Mechanisms of longitudinal depression formation in steel continuous casting
|Thomas, Brian G.
|Zappulla, Matthew L. S.
|Includes bibliographical references.
|Embargo removed at author's request on 07/21/2020.
|In continuous casting, longitudinal cracks and depressions are some of the most dangerous defects in the cast product. Cracks and depressions can lead to substantial mitigation costs or sudden failures in the final product, and in the worst case can lead to catastrophic breakouts in an operating caster.This work develops and applies computational models to examine and elucidate the behavior and formation mechanisms for longitudinal depression defects to relate the shape of the defect to the mechanism that caused it. The primary tools used are heat transfer solidification models coupled with a temperature-, phase-, and strain-rate-dependent, elastic-viscoplastic thermal-mechanical finite element model, including a new crack propagation methodology implemented. When possible, industrial samples and examples of the defects discussed are shown and used as qualitative and quantitative validation of the models. Longitudinal depressions in continuous casting can occur in both compression and tension conditions. Tension conditions result in partial necking of the steel shell and generally lead to the most common type of observed depression: a U-shape. In certain conditions, thinning of the shell is severe enough to allow the ferrostatic pressure to partially bend the depression back towards the mold and create a W-shape depression. Depressions can also form in severe compression, due to a partial inelastic buckling (or kneeling) of the shell, also leading to a W-shape depression.Depressions often contain cracks, and depressions with cracks tend to be deeper and more severe in nature than their non-cracked counterparts. Based on model predictions, it has been found that the presence and growth of a crack within a depression tends to deepen a depression, thereby decreasing its width/depth aspect ratio. Additionally, it has been observed that crack proximity to the solidification front, as well as thermal disruption proximity to the meniscus, is directly related to an increase in defect severity. As a result, it seems that many of the serious crack and depression defects commonly found in cast slabs start very close to the meniscus (as a result of some thermal disruption event) and grow along with the solidification front.Furthermore, it has also been found that the initiation location, and the direction of crack growth, changes the appearance of the depression. The presence of a surface crack(s) is observed to distribute tensile stresses that would otherwise go into further necking of the depression. It has also been found that for depressions without a surface crack, there is a tendency to develop excess sub-surface tension and thus sub-surface hot tear macro-segregation streaks.Additionally, cracks that start sub-surface and propagate towards the surface of the steel shell are found to adopt a shape where the surface sharply changes slope towards the base of the depression. In cases where the crack completely traveled to the surface, the corners of the crack (often thin and pointed) point away from the surface as the thin ligament gave away.Finally, a novel methodology has been developed for real-time prediction of longitudinal depressions and defects using integrated mold temperature measurements mapped onto the surface of the as-cast slab. This methodology can be used to augment existing breakout detection systems by taking high resolution temperature data histories of discrete points on the surface of the slab to predict longitudinal bleeder type breakouts.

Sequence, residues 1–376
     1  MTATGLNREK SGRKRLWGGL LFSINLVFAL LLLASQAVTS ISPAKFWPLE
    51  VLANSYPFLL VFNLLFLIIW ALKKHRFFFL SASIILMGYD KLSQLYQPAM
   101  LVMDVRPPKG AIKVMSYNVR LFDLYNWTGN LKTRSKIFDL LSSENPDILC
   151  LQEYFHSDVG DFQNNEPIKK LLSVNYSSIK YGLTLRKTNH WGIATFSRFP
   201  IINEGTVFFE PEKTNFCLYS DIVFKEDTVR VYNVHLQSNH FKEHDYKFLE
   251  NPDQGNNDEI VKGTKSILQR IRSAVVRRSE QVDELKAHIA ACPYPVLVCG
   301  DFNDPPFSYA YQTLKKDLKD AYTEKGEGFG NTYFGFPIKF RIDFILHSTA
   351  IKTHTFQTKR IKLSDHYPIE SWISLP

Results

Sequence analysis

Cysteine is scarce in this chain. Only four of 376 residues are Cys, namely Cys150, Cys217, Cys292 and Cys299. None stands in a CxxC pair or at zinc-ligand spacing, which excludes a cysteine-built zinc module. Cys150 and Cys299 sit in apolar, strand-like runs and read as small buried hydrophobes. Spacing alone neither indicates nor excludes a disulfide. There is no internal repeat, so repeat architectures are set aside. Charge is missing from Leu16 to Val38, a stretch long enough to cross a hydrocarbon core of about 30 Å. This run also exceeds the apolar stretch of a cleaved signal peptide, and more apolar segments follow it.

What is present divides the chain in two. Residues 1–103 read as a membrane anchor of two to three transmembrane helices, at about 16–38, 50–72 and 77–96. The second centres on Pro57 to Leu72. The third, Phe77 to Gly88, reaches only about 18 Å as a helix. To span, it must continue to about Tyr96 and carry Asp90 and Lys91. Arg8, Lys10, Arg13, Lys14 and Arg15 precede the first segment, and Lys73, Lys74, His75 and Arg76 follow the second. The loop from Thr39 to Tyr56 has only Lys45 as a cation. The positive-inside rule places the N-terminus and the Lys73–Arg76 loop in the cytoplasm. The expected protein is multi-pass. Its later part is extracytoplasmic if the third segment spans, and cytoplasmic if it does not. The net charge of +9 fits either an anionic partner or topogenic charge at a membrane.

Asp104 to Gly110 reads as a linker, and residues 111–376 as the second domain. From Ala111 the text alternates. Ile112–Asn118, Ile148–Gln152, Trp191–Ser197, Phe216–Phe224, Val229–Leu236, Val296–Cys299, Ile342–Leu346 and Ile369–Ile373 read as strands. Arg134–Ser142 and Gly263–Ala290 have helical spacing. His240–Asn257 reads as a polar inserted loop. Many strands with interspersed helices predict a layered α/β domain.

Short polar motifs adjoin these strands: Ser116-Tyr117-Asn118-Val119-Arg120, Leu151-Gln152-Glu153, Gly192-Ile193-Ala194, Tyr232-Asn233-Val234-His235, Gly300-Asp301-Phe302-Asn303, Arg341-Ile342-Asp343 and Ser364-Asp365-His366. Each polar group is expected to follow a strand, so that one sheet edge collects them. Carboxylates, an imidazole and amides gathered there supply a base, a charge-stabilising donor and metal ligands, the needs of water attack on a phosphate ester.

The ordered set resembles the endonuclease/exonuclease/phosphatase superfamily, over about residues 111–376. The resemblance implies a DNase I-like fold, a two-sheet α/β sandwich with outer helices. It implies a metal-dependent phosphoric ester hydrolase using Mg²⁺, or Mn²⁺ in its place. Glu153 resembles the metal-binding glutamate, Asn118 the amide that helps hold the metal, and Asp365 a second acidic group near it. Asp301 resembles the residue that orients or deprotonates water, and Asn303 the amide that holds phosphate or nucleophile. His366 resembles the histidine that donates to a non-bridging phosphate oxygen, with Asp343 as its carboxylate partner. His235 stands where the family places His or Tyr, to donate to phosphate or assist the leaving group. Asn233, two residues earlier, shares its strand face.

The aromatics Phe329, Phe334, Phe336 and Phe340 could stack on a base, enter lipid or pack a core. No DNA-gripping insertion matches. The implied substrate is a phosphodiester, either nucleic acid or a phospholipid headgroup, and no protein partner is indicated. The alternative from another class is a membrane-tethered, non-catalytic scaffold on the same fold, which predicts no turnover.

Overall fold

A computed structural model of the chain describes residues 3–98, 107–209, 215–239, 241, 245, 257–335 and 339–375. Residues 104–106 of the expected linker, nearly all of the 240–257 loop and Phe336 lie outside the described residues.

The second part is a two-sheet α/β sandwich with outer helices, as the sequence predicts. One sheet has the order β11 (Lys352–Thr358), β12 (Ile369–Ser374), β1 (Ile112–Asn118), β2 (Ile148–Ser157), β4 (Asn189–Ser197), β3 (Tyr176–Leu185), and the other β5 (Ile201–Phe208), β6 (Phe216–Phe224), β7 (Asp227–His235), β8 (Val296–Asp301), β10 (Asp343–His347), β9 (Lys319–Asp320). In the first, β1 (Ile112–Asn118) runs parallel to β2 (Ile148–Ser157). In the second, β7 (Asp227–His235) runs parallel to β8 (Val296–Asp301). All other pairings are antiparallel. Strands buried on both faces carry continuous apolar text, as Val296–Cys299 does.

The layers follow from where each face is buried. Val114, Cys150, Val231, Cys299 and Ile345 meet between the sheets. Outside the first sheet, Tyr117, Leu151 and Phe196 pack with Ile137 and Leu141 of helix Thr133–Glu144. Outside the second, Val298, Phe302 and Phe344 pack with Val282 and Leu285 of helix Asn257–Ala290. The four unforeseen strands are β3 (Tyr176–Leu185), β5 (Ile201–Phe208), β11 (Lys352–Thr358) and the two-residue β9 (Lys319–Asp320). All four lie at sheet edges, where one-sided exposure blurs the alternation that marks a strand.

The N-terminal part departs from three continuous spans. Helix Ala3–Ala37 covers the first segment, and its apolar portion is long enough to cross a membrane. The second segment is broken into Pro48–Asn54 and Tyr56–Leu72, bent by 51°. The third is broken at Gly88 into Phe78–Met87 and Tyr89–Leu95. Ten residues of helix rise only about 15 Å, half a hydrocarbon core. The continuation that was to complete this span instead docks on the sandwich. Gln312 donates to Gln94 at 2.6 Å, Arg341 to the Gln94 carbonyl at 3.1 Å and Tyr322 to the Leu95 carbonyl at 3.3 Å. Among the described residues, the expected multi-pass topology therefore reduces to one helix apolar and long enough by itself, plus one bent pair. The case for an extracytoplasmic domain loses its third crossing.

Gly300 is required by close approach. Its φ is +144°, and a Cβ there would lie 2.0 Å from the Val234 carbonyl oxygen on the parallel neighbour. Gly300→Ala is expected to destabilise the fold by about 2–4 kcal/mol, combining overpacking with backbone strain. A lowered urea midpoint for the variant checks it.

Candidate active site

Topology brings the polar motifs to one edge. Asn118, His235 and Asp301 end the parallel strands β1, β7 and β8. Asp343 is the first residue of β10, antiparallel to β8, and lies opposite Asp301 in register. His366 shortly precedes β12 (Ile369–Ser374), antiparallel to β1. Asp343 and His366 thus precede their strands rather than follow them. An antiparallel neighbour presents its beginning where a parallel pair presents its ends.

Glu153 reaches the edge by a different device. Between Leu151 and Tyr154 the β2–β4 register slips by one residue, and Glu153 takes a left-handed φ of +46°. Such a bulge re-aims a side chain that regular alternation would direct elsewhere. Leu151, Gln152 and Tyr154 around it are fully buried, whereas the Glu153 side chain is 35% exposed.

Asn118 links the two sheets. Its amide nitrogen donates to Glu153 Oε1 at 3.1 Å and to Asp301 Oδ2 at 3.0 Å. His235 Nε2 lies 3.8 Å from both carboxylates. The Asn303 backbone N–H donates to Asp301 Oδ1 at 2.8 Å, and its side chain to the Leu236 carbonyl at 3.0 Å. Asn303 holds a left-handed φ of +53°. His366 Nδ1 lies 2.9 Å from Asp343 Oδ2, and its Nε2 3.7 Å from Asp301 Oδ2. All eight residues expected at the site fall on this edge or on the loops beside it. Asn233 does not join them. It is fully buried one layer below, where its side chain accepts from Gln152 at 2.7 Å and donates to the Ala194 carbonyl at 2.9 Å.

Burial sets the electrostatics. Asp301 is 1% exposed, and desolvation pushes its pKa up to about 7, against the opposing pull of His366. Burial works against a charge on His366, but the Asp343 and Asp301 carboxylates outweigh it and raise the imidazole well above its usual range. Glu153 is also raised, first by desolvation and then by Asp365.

|Colorado School of Mines. Arthur Lakes Library
|2020 - Mines Theses & Dissertations
|Copyright of the original work is retained by the author.
|finite element model
|Mechanisms of longitudinal depression formation in steel continuous casting
|Berger, John R.
|Findley, Kip Owen
|Doctor of Philosophy (Ph.D.)
|Colorado School of Mines